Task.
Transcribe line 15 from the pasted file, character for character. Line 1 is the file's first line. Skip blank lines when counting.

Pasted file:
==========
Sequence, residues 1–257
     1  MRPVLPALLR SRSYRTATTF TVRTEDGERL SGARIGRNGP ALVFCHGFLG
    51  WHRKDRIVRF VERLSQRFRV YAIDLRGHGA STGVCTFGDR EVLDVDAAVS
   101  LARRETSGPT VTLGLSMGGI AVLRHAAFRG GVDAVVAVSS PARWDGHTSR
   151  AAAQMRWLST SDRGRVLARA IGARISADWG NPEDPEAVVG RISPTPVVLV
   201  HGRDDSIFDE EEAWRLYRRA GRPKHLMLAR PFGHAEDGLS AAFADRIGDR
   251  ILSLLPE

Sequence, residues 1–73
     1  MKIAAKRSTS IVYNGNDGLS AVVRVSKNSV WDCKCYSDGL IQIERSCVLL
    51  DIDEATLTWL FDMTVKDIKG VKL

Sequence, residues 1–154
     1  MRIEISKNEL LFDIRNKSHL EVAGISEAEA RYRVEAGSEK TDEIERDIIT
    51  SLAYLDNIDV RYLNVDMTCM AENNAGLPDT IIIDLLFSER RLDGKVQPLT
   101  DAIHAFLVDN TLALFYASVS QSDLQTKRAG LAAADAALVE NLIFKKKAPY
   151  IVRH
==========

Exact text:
   151  IVRH